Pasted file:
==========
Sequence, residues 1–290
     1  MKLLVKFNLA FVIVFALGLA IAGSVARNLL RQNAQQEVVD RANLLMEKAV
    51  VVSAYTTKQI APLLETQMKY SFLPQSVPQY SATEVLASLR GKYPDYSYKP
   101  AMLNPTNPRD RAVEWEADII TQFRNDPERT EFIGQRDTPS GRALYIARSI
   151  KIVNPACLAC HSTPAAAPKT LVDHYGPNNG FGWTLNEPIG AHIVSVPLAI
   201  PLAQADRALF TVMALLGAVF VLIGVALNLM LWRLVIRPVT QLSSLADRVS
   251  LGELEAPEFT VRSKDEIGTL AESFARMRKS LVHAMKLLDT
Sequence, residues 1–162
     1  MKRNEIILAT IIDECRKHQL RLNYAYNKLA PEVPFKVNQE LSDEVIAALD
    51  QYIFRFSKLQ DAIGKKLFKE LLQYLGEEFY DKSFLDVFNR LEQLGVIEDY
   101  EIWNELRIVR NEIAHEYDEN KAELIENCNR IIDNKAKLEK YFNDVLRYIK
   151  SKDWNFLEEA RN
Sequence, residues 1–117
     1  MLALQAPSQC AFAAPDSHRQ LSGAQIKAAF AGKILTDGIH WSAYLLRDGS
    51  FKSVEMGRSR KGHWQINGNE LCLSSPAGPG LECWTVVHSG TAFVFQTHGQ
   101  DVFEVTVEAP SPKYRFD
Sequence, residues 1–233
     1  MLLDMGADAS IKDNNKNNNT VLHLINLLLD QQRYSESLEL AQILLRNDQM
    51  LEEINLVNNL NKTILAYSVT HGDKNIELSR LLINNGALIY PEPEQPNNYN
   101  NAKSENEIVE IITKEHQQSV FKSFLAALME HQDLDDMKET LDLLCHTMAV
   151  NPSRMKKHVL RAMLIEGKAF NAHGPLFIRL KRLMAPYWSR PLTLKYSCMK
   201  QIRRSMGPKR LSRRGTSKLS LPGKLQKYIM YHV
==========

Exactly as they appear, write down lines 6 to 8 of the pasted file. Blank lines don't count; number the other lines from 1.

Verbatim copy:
   201  PLAQADRALF TVMALLGAVF VLIGVALNLM LWRLVIRPVT QLSSLADRVS
   251  LGELEAPEFT VRSKDEIGTL AESFARMRKS LVHAMKLLDT
Sequence, residues 1–162